Wangaratta is a regional city in North East Victoria, located on the edge of Victoria’s High Country and the King Valley, approximately 250 km from Melbourne along the Hume Highway.
It is also accessible from Sydney by rail on the direct train line to Melbourne.
The city had an estimated urban population of 28,824 in April 2018
The Wangaratta area was originally inhabited by the Pangerang People whose hunter-gatherer lifestyle was eminently suited to the broad expanses of the King and Ovens River floodplains.
‘Wangaratta’ is the Pangerang word for the long neck of the cormorant. ‘Wanga’- meaning long neck, and ‘Ratta’ meaning cormorant. These birds are a common sight on our two beautiful rivers, the Torryong (Ovens) & Poodumbia (King).
For thousands of years the land was managed and conserved by Indigenous Australians. Through understanding Indigenous culture we can come to appreciate and gain a spiritual connection to the land.
The first European exploration of the area began with Hume and Hovell (1824) and their reports of the area were further enhanced by those of Major Thomas Mitchell in 1836 (the Major Mitchell Trail passes through the town). The Ovens River was named after a Major Ovens, who was secretary to Sir Thomas Brisbane, Governor of New South Wales at the time.
The first settler in the Wangaratta district was George Faithful who arrived in 1838, others, including Joseph Docker who took up the deserted Bontherambo run and Thomas Rattray who established the first punt service across the Ovens, soon followed and the settlement of the Wangaratta district commenced and flourished.
The 1850s gold rush in the North-east helped the new township to establish itself as a major centre, and the first bank (the Bank of New South Wales) opened in 1859, and a plaque on the current bank premises (the WestPac Bank, in Murphy Street) commemorates the centenary of this event in 1959.
The age of steam trains arrived in 1873 and, by 1884 the town had a population of about 1400, four churches, two breweries, three flour mills, two foundries, a hospital, a tannery, a tobacco processing factory and a theatre.
As with many towns, geography was to play its part in the development of Wangaratta. As part of its golden era legacy, Beechworth was for many years the major administrative and legal services centre of Victoria’s North-east, but gradually gave up this position to Wangaratta.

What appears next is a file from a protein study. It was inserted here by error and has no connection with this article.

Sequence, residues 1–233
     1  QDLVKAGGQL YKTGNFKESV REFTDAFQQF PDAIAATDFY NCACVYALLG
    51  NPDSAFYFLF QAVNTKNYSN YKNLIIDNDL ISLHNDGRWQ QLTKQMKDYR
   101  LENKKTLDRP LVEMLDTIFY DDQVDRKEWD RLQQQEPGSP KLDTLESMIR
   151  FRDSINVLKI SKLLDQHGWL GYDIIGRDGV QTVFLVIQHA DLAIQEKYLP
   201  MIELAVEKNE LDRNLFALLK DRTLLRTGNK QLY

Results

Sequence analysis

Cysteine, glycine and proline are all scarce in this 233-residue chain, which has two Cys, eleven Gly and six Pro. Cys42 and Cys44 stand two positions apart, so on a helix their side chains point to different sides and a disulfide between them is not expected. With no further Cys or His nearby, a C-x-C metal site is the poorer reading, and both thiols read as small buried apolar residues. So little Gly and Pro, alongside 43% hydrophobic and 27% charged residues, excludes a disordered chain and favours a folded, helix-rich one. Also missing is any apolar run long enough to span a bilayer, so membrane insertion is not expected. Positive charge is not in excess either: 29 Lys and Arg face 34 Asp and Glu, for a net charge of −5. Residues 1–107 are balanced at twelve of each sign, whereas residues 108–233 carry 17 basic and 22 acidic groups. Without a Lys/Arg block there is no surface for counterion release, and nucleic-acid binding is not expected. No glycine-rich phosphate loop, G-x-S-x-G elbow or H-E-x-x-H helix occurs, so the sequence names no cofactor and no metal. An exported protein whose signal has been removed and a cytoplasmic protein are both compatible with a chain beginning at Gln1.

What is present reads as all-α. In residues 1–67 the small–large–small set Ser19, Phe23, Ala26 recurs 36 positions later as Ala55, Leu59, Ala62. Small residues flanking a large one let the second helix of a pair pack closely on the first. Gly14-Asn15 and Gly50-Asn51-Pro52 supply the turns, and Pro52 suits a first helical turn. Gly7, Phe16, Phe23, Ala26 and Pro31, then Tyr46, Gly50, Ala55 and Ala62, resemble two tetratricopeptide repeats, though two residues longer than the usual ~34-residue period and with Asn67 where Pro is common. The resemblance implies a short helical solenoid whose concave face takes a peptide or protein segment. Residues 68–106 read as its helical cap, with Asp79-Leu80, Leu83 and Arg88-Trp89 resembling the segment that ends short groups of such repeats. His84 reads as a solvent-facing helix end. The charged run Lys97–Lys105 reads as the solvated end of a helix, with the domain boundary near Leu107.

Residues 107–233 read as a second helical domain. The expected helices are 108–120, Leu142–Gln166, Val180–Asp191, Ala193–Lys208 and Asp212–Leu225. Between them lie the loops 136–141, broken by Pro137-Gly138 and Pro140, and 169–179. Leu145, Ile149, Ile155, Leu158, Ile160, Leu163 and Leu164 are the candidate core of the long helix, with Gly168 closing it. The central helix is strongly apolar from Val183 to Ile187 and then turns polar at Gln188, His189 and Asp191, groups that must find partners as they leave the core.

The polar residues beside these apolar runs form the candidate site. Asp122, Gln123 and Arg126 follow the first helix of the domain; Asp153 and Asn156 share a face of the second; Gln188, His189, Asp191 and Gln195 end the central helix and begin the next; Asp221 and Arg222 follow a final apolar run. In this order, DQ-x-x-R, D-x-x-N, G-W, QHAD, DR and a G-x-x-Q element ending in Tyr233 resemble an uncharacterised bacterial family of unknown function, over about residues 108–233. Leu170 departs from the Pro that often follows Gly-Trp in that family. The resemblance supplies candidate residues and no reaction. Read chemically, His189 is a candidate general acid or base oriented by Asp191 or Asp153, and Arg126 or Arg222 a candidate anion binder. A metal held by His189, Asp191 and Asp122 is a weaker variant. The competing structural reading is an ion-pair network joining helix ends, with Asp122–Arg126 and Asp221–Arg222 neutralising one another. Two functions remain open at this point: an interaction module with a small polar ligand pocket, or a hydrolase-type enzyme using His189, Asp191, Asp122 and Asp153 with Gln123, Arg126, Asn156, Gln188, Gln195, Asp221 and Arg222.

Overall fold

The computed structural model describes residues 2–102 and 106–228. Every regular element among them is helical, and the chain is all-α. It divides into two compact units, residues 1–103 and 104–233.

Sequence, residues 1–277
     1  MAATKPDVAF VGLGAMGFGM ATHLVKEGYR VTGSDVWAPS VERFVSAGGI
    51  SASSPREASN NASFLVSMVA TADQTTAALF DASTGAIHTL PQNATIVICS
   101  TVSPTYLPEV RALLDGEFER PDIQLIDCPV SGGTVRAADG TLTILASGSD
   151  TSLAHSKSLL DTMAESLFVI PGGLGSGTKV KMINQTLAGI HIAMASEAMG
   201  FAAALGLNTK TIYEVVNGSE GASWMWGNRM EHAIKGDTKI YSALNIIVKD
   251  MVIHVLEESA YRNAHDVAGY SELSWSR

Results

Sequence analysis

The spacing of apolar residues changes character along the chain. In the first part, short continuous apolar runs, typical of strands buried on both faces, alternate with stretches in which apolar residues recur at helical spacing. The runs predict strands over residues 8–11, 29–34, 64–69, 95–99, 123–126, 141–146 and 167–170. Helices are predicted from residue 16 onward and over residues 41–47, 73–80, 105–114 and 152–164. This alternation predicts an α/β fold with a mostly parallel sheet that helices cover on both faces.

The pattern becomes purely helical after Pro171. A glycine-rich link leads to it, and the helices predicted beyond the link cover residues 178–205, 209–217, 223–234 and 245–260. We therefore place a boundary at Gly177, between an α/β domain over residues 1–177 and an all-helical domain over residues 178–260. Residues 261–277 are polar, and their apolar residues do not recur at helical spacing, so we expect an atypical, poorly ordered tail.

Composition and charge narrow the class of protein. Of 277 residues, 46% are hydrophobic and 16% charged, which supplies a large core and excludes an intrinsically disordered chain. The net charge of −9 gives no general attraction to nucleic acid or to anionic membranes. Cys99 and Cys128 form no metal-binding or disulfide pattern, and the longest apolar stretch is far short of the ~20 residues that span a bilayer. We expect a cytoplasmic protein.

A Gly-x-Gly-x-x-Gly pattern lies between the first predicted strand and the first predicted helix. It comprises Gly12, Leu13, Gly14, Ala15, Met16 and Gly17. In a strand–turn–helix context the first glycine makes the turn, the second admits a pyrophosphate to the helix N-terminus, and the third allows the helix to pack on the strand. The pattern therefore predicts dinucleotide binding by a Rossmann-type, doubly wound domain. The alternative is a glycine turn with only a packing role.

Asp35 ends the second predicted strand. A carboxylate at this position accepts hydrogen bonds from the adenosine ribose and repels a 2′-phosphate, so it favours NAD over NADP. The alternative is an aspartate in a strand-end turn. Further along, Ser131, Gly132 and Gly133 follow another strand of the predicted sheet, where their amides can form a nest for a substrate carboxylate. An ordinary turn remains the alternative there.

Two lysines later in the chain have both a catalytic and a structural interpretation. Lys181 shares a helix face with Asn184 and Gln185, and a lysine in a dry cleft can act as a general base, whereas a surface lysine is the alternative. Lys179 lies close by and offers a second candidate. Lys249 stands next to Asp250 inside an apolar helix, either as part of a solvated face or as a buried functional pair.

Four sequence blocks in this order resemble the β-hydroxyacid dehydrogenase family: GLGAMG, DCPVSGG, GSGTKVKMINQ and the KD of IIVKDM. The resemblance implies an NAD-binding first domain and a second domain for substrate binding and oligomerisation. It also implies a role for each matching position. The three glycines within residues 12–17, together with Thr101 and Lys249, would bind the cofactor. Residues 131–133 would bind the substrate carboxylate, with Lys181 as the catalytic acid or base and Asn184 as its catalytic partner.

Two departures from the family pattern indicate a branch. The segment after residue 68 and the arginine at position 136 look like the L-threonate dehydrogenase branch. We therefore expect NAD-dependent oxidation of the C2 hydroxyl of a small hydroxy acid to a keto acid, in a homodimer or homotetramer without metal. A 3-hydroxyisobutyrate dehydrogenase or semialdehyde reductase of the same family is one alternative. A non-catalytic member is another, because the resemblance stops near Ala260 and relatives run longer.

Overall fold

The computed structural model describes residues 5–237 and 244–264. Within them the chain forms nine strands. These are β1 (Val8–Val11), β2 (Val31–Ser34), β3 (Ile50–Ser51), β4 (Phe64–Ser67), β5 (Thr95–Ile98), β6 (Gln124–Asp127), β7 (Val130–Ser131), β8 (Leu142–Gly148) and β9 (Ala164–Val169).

Becoming the Textile Town
A wool-processing mill was first opened in Wangaratta in 1923, with several other mills opening over the next 30 years, reinforcing the importance of textiles to the economy of the city.
Once known as the Wangaratta Woollen Mills, today’s Australian Country Spinners is the largest worsted spinner in Australia, and produces a wide range of industrial yarns using Australian Merino and Crossbred wools.
In 1946, a Canadian company, Bruck Textiles also came to Wangaratta, creating a population boom in the town, and attracting workers from all over the country and Europe, as post-war migrants made the company a working destination.
Bruck Textiles began with manufacturing furnishing and apparel fabrics and still operates today, though its emphasis has shifted to high performance fabrics such as those used by the Australian Defense Forces.
Wangaratta Contemporary Textile Award
Reflecting it’s history and well-earnt name as “the textile town”, Wangaratta is today home to the much-coveted Wangaratta Contemporary Textile Award. This biennial nationally significant award has been presented by Wangaratta Art Gallery since 2009, and showcases textile artistry and talent from across Australia.
The Stitched Up Textile Festival
The Stitched Up Textile Festival is a biennial celebration of everything textile that is held in & around Wangaratta and has been run by a dedicated group of volunteers (the Wangaratta Textile Arts Association) since 1999, attracting audiences from across Australia.
Our tours visiting Wangaratta